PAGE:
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I have an abstract base class with a virtual method. In the derived class, this method is implemented. However, I want the function in the derived class as a static method in order to be able to call the function without instantiating an object of that class.

class Base 
{
   virtual double Foo(double rParam) const;
};

class Derived1 : public Base
{
   static double Foo(double rParam);
};

class Derived2 : public Base
{
   static double Foo(double rParam);
};

Essentially, Derived1 and Derived2 provide different implementations of a static function (that do not depend on object data), but I want those functions to be virtual in order to be able to call those functions in other functions of the base class. The only solution I see right now is to implement two member functions in the derived class, one being the virtual function from the base class, and the other one (with a different name) being a static function. In order to prevent doubling the source code, the virtual function could then directly call the static function (could be inlined). Any other solutions?

class Derived : public Base
{
   double Foo(double rParam)const
   {
       return FooStatic(rParam);
   }

   inline static double FooStatic(double rParam);
};
share|improve this question
    
If Foo is marked as virtual, it means it depends on the runtime type of the object, so it can't not be coupled with an instance of a class. – Luchian Grigore Aug 29 '13 at 15:10
    
The situation is a bit more tricky. As a simplified example, assume we have a base class that requires a function foo. In Derived1, this is a linear function , so foo(x)=x and in Derived2 foo(x)=x^2, so both functions do not depend on the object data. However, I want the function to be virtual in the base class in order to be able to call this function from another function in the base class. There are also other data members in the derived class, however, this is not important for the current example with the static/virtual methods. – Ferdi Aug 29 '13 at 15:20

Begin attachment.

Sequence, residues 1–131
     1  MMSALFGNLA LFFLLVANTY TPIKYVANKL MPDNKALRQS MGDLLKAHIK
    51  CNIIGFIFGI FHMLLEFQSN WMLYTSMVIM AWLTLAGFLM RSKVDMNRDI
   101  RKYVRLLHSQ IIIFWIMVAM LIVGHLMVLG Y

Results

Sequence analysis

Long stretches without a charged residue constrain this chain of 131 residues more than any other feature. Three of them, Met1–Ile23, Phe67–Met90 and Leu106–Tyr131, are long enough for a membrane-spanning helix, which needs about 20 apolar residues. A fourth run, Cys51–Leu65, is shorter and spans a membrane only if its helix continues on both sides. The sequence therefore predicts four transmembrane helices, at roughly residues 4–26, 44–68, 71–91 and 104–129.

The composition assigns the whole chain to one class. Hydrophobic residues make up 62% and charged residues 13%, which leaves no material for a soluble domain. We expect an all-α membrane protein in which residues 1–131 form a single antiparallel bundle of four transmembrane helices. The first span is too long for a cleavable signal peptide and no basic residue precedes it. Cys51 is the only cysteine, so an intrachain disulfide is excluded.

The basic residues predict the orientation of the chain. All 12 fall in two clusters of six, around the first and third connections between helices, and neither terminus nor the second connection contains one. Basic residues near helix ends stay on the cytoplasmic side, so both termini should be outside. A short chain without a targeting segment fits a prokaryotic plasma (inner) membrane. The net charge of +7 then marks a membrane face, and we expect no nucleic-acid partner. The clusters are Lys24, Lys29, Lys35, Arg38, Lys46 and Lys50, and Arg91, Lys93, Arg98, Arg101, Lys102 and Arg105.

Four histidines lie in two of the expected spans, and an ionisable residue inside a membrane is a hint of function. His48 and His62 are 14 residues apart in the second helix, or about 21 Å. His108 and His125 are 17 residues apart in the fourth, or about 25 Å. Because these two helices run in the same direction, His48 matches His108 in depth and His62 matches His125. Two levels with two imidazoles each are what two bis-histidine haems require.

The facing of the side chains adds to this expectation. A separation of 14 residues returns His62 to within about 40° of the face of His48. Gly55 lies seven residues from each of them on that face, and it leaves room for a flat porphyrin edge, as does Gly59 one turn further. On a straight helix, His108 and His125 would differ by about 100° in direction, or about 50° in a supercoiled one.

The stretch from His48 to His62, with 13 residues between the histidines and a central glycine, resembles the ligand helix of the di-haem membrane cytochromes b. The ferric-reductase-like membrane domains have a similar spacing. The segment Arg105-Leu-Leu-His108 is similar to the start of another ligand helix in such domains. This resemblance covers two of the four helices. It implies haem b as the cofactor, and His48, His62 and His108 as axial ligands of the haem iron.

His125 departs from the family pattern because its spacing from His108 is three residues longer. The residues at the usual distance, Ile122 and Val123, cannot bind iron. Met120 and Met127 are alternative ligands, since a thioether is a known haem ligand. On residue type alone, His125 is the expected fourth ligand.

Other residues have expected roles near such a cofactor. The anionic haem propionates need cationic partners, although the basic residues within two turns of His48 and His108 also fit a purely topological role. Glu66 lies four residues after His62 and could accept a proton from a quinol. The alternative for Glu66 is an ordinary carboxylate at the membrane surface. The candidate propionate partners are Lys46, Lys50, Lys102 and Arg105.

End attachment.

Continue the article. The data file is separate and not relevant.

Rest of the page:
I do think that the FooStatic approach you have is the best way to go about it, in terms of adhering to good OO practice. Essentially, your non-static Foo overrides work like function pointers into your static versions.

(Emphasis on "work like": you can't actually use function pointers directly, since your override for Foo has to throw away the reference to this before invoking FooStatic.)

share|improve this answer

It would not make sense to make a virtual method static. Virtual means that you choose which implementation to run based on the type of an object. In a static context you have no object.

EDIT: While the first example will compile, it will not do what you expect it to do. The static methods will not override the base implementation, but rather hide it, meaning that the static methods will never be called instead of that of the base class. The second example is fine though, I cannot see any problem with it.

share|improve this answer
1  
I think you haven't read the OP's question fully. What the OP wants to do is make those static versions available virtually to the base class, while still having the static versions available statically so that outside code can use it without creating an object instance. – Chris Jester-Young Aug 29 '13 at 15:18
    
This is exactly the problem, for the derived classes the method is static, however I want to be able to call that from the base class as a virtual function, because derived1 and derived2 have different implementations of the function. – Ferdi Aug 29 '13 at 15:25
    
I see. See my edit. – Naffnuff Aug 29 '13 at 15:48

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